Photo Credit: mrkathika via Compfight cc
There has always been a murky side to animal captivity, whether oriented ostensibly to education, research and conservation, such as zoos, or the less noble aspirations of commercial entertainment parks, where an array of species, from seals to dolphins and orca whales, are disciplined and trained to perform synchronised tricks for the brief amusement of paying spectators. Perhaps it is the virtually unanimous, dispirited air that the animals seem to have when viewed from the other side of the looking glass.

The ersatz habitats seem so poor compared to the bustling profusion of life seen in Attenborough’s documentaries; the lone, dangling tyre in a chimpanzee enclosure is dour and unused; the predatory cats, the celebrities of these enclosures, lack their instinctual grace and wallow in faux-savannah. It would appear that far from being examples of nature’s inter-dependence, where life is mutually assured in the to and fro and tussle of the ecosystem, these animals have been kidnapped to serve as trophies for our self-congratulatory dominance as a species. One almost thinks they ought to have been spared the indignity and purgatory of captivity, and instead have been committed to the dubious and macabre art of taxidermy, their heads placed above the mantelpieces of princes, amongst the other countless animals that have shared a similar fate.

Solutions to, and criticisms of, captivity have always been controversial due to the predictable political backlash that arises whenever revenue is threatened. Nevertheless, the reported near-release of two theme park dolphins from Korea has been seen as a step forward in the concerted attempt to resettle captive animals back into their original habitats.

Readers of Concord Vet Blog would be pleased to know that two Indo-Pacific bottlenose dolphins named Taesan and Boksoon are the two most recent theme park dolphins slated for release into the wild. This has followed an unusual flurry of releases across the world following the successful implementation of new strategies for equipping the animals with skills to survive in the wild.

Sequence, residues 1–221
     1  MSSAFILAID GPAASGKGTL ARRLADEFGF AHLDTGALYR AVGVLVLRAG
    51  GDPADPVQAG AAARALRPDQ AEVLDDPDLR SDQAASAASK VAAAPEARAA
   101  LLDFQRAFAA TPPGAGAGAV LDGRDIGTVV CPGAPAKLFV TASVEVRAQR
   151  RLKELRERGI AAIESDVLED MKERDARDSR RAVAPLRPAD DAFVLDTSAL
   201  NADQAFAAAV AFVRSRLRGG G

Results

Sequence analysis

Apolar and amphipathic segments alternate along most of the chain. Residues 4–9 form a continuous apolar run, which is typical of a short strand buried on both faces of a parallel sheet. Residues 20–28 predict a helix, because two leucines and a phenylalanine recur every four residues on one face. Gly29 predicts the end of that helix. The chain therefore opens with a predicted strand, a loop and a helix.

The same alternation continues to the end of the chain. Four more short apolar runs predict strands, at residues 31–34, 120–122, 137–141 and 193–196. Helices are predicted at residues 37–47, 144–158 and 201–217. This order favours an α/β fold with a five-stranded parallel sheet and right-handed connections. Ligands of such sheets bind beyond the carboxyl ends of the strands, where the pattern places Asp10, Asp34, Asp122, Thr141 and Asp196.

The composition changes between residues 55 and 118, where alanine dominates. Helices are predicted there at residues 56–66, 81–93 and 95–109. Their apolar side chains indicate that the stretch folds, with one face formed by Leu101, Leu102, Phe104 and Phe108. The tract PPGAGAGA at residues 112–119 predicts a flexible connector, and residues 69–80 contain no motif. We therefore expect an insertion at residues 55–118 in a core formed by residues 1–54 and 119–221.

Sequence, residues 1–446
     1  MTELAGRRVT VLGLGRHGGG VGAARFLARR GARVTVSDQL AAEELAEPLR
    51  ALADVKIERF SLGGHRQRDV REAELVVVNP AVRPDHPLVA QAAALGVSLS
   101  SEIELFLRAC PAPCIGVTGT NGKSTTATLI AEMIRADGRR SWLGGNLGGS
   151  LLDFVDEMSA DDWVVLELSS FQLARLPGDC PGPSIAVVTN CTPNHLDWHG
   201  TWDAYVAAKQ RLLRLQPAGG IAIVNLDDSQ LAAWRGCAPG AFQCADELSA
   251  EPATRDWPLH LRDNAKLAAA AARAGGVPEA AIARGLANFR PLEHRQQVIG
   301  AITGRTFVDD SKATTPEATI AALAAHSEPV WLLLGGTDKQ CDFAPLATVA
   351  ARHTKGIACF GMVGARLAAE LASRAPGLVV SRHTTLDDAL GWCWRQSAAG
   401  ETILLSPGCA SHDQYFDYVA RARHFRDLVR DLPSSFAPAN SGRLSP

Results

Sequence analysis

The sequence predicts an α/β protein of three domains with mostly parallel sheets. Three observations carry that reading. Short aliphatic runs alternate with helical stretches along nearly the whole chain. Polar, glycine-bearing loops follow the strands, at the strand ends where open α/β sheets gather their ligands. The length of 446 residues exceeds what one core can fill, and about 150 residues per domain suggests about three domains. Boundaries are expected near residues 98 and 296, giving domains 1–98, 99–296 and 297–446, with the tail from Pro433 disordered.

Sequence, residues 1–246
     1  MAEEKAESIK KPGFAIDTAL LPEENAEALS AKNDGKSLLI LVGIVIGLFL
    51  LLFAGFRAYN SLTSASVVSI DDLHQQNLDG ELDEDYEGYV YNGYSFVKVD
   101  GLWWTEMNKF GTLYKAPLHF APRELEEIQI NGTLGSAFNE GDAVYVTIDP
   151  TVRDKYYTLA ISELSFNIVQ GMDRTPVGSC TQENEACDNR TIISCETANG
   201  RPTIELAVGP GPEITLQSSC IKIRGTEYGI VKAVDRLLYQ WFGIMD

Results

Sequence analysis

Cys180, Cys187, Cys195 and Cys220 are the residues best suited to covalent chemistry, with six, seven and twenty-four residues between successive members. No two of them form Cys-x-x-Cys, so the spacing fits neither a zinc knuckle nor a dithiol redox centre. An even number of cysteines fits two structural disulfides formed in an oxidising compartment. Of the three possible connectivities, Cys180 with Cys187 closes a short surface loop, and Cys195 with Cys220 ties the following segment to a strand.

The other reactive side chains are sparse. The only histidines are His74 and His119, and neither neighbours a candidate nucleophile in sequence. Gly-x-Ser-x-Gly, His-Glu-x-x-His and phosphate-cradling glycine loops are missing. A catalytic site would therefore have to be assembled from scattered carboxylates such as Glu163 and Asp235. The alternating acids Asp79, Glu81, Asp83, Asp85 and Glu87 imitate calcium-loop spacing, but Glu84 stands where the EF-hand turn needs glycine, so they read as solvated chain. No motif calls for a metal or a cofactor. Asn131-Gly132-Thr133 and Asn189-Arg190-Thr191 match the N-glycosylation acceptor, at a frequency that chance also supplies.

The dolphins had a bumpy, nostalgic road on their return to the ocean. They were initially illegally kidnapped between 2009 and 2010 somewhere off the coastal island of Jeju, where they were sold to the “Pacific Land” entertainment park. A bitterly fought legal battle culminated in the country’s Supreme Court ordering their release. They were held at Seoul Grand Zoo for two years where they were exposed to a specially designed rehabilitation program. The two performed incredibly well despite initial concerns over observed lethargy and sickness, and indeed, despite the objections of marine park authorities who have consistently claimed that wild-caught dolphins and whales would make an ill-fated transition to the wild. Taesan and Boksoon are now awaiting release in a “sea-pen retirement sanctuary”. Here, they will be tested on their ability to forage for prey independently, a crucial skill given how cossetted they were by trainers in the parks.

An estimated 2,900 dolphins are held in captivity, with the vast majority of them having been captured in the wild. Despite the auspicious achievements of the rehabilitation programs, the clout of the marine park industry means that the future release of captive animals is, for the time being, unlikely. Nevertheless, Taesan and Boksoon are months away from joining a pod of 120 other dolphins, and navigating their new undersea home far from the gaze and hand-fed reward of human handlers.